Twenty-five years ago, law schools were in the developing stages of a pitched battle for the future of legal education and academia. Faculties fought over the tenure cases of minority candidates, revealing deep divisions within legal academia on questions about the urgency of racial diversification and the merits of critical race scholarship. The students in charge of the law reviews where this scholarship was emerging engaged in their own battles, arguing over the use of affirmative action in the selection of law review editors and then, as neophyte editors, staking their own positions in the "What is legal scholarship?" debates. As students during this period, we could not avoid reflecting on our own attitudes toward the relevance of race in the legal profession and on the value of legal scholarship about race.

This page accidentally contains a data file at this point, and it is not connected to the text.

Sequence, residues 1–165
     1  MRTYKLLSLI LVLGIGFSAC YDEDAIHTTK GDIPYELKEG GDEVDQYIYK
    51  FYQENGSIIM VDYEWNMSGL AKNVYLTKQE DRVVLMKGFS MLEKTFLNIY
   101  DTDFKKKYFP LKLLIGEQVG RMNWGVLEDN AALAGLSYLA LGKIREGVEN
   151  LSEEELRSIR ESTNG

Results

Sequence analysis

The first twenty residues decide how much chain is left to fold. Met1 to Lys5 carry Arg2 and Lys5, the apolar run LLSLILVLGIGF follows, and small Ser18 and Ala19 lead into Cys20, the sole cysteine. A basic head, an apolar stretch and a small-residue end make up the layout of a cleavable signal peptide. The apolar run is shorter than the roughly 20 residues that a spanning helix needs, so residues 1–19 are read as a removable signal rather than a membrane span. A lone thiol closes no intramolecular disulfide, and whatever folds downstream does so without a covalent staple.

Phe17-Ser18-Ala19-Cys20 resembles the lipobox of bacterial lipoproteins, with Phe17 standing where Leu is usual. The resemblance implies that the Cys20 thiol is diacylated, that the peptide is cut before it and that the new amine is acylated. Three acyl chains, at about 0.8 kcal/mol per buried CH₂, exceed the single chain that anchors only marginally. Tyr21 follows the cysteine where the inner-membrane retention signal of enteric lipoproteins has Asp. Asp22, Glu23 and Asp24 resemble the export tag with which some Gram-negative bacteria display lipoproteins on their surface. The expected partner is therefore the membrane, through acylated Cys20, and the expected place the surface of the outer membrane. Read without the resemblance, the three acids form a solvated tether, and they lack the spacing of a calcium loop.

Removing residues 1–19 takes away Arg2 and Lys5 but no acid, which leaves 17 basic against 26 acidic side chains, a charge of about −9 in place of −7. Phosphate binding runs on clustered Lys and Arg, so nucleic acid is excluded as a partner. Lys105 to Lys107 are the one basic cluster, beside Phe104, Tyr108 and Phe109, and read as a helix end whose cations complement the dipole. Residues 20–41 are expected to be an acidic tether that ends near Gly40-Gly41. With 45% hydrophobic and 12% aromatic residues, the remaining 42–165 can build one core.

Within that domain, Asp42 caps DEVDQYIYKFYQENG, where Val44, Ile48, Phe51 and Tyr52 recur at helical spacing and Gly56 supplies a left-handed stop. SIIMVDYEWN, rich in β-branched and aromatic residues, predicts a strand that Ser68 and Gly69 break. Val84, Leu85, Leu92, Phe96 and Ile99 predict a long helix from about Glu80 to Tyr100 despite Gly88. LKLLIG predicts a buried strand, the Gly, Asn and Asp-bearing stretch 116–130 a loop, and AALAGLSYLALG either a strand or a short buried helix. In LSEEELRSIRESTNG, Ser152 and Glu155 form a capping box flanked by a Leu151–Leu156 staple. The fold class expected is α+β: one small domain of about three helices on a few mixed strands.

Looking back at that time from the perspective of our current positions, we are renewed in our admiration of and appreciation for Professor Matsuda's scholarship. She was a central figure in the then-emergent critical race movement, and her work was a focus in discussions about the field. Through her fearless and unwavering writings, Matsuda helped spur changes in attitude and perspective within legal academia that prepared the way for other scholars of color. Equal to her impact within the academy was the inspiration she provided to a generation of prospective Asian American legal scholars. In her example, we saw the possibility that our voices might be heard inside the enclave of legal academia.